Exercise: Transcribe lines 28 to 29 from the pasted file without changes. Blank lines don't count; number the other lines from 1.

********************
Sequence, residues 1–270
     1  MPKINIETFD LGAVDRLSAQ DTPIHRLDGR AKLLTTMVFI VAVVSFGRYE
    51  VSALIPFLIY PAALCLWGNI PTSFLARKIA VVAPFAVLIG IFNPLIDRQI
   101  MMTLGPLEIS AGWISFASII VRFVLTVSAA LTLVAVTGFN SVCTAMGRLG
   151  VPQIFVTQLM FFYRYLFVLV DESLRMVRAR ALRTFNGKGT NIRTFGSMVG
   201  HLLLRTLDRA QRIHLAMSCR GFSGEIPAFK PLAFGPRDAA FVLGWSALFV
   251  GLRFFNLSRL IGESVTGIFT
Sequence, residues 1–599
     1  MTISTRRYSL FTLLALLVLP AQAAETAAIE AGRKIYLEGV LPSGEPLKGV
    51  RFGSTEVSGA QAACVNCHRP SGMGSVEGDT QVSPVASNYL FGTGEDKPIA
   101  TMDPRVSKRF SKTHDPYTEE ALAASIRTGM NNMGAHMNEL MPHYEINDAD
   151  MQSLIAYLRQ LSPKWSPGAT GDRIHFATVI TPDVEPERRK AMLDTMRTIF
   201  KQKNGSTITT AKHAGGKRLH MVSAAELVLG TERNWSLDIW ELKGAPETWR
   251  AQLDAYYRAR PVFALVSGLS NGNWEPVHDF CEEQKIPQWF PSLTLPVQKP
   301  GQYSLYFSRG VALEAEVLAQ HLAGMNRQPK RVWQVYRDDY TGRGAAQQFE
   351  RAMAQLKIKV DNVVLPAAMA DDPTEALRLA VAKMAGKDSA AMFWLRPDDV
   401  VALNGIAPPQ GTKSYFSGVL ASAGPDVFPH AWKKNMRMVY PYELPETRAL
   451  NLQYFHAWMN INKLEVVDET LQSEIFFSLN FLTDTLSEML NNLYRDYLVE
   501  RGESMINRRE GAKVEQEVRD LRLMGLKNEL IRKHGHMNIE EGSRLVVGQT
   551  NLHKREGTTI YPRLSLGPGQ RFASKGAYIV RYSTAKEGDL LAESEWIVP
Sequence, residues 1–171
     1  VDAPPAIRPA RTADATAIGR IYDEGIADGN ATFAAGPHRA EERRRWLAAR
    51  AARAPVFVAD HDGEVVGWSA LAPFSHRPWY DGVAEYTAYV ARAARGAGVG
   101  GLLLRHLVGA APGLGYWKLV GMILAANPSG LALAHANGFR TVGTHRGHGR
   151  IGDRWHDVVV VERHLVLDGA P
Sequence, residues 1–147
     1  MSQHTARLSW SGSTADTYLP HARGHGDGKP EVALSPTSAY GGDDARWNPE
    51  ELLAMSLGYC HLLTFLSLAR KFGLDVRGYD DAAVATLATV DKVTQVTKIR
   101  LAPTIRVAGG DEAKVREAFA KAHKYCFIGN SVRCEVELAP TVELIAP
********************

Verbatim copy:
    51  ELLAMSLGYC HLLTFLSLAR KFGLDVRGYD DAAVATLATV DKVTQVTKIR
   101  LAPTIRVAGG DEAKVREAFA KAHKYCFIGN SVRCEVELAP TVELIAP